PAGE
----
Dilshan Wirasekara, CEO, First Capital Holdings

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Recovery prospects and external financing options

From where can Sri Lanka secure external financing to fund the country’s Covid-19 mitigation and recovery strategies, and which industries are best placed to act as growth engines of the economy in the recovery phase?  

DILSHAN WIRASEKARA: It would be difficult for Sri Lanka to raise funds through sovereign bonds at current international interest rates. Our best chance would be in bilateral loans similar to those that we received from China, which had a three-year grace period. Sri Lanka could also look to multilateral financial institutions for lines of funding, which usually come at a lower cost but have more conditions attached. 

The country’s recovery strategy should include a more focused approach to manufacturing and getting local entrepreneurs to invest in high-tech industries. We have already seen entrepreneurs supporting Covid-19 prevention efforts. Sri Lanka should facilitate domestic investment into such areas due to the fact that sourcing foreign direct investment will be difficult as all countries and companies will be focused on internal rebuilding.

The ICT sector is in a strong position as the situation normalises, and the food and beverage (F&B) segment is likely to emerge from the pandemic with a much stronger distribution network. Tourism is another promising sector and has immense potential for growth after international travel normalises. 

To what extent can the Covid-19-related slump in commodity prices offset the negative effects of a likely decline in Sri Lanka’s export earnings in 2020?

WIRASEKARA: With Sri Lanka being a net energy importer and having a major fuel import bill, the decline in commodity prices may positively impact the trade deficit. However, the tourism industry has taken a major blow and worker remittances are in decline. As such, the balance of payments could still deteriorate considering that the length of the recovery period for tourism could be anywhere between 12 and 18 months. This may lead to higher borrowings.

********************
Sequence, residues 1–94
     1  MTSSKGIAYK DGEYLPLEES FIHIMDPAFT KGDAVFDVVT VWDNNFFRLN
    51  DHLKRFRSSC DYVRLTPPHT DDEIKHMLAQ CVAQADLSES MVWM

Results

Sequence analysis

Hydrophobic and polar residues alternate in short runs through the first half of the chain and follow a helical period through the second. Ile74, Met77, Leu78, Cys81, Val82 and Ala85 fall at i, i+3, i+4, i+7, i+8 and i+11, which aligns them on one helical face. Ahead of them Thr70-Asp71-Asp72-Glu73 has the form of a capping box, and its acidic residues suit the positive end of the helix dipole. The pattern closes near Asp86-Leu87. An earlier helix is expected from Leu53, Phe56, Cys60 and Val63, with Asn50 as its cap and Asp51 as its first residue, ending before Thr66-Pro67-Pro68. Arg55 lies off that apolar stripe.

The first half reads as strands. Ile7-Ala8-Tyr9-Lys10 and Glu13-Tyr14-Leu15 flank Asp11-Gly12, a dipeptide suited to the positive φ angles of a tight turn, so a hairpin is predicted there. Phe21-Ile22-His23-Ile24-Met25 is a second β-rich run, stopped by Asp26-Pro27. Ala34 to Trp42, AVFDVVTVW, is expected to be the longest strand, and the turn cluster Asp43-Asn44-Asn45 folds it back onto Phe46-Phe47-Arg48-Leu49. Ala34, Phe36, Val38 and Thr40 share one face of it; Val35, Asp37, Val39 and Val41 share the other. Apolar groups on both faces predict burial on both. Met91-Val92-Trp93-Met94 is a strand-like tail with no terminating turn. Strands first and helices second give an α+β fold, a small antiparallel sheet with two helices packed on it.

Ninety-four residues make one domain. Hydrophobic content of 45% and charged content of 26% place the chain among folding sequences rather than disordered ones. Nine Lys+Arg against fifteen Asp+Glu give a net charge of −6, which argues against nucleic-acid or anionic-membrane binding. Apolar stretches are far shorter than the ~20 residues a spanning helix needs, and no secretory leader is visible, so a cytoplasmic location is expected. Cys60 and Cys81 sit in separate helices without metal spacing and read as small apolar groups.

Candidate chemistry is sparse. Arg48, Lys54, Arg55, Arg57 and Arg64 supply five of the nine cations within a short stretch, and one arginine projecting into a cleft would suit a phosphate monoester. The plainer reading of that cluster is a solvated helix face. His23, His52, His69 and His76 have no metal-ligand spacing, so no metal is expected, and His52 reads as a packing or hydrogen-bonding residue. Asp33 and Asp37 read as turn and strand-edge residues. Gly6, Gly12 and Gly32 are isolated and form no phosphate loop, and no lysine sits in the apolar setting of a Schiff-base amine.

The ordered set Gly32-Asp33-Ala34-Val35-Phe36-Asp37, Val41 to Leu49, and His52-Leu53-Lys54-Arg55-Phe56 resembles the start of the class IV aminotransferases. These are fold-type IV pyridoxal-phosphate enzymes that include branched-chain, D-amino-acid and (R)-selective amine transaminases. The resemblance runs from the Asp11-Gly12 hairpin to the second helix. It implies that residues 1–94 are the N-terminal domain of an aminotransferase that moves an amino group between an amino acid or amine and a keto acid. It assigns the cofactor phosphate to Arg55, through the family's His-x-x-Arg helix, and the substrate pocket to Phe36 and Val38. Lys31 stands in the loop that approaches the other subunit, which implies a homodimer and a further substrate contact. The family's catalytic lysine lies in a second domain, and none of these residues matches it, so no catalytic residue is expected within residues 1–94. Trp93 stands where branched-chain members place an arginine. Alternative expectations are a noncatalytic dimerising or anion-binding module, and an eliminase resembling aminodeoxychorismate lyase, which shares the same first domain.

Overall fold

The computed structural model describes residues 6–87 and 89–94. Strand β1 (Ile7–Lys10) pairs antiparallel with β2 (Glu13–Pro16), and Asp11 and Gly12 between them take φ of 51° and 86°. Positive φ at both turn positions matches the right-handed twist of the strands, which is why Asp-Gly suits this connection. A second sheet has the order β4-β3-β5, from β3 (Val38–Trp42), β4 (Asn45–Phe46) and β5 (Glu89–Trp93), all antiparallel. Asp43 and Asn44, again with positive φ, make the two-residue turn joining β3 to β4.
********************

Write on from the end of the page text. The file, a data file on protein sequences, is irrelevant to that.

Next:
What are your expectations for full-year growth in Sri Lanka in 2020? 

WIRASEKARA: The best case would be if Sri Lanka brings the pandemic under control and restarts the economy quickly, creating an opportunity for an early recovery. In this scenario GDP expansion could reach 1-2% in 2020. However, with the growing number of Covid-19 cases and several extensions to the lockdown, the possibility of this happening is unlikely.

A second scenario is that the country experiences waves of cases, leading to sporadic lockdowns in selected areas that could go on for two to three months. This is the most likely scenario, under which we expect Covid-19 to be under control by the first week of July. Consequently, the economy would take a major hit in the second and third quarter of the year, resulting in GDP contracting between 1% and 2% over the year. 

The worst-case scenario involves a prolonged pandemic and the health authorities losing control of the situation. Here we would expect a return to normalcy around the first week of October, and GDP contraction of between 5% and 6% over the year. 

How is the Covid-19 disruption likely to play out in the local equity market in 2020, particularly in terms of sectoral returns and foreign outflows? 

WIRASEKARA: The Colombo Stock Exchange closed on April 1, 2020 for the duration of the lockdown, and as such foreign investors cannot move their money during this period. We believe that foreign outflows may accelerate as soon as the market reopens. Combined with Sri Lankans’ panic selling, this will likely result in a 20-25% drop in the market before it stabilises. Recovery is likely to be led by the F&B segment, health care, telecoms – despite foreign exchange losses – and the energy sector, which will likely benefit from cheaper imports. Once the pressure to sell eases, we expect the All Share Price Index to recover to around 6000 points towards the end of the year. 

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